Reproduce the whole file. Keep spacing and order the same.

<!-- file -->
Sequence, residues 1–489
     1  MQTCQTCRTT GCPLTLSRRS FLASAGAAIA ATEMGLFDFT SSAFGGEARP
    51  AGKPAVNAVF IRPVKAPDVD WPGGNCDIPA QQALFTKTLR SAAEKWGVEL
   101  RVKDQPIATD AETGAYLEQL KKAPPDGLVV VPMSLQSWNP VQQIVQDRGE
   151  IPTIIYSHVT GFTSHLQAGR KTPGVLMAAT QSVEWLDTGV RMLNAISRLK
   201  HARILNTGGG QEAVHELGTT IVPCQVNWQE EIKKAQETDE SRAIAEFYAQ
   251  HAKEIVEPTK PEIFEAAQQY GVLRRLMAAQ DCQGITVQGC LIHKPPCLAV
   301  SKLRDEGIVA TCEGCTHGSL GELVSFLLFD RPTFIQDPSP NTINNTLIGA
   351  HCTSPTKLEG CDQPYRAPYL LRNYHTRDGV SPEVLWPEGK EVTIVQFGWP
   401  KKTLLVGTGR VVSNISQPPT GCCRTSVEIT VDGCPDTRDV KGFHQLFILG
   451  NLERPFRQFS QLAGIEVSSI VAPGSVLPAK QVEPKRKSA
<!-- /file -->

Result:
Sequence, residues 1–489
     1  MQTCQTCRTT GCPLTLSRRS FLASAGAAIA ATEMGLFDFT SSAFGGEARP
    51  AGKPAVNAVF IRPVKAPDVD WPGGNCDIPA QQALFTKTLR SAAEKWGVEL
   101  RVKDQPIATD AETGAYLEQL KKAPPDGLVV VPMSLQSWNP VQQIVQDRGE
   151  IPTIIYSHVT GFTSHLQAGR KTPGVLMAAT QSVEWLDTGV RMLNAISRLK
   201  HARILNTGGG QEAVHELGTT IVPCQVNWQE EIKKAQETDE SRAIAEFYAQ
   251  HAKEIVEPTK PEIFEAAQQY GVLRRLMAAQ DCQGITVQGC LIHKPPCLAV
   301  SKLRDEGIVA TCEGCTHGSL GELVSFLLFD RPTFIQDPSP NTINNTLIGA
   351  HCTSPTKLEG CDQPYRAPYL LRNYHTRDGV SPEVLWPEGK EVTIVQFGWP
   401  KKTLLVGTGR VVSNISQPPT GCCRTSVEIT VDGCPDTRDV KGFHQLFILG
   451  NLERPFRQFS QLAGIEVSSI VAPGSVLPAK QVEPKRKSA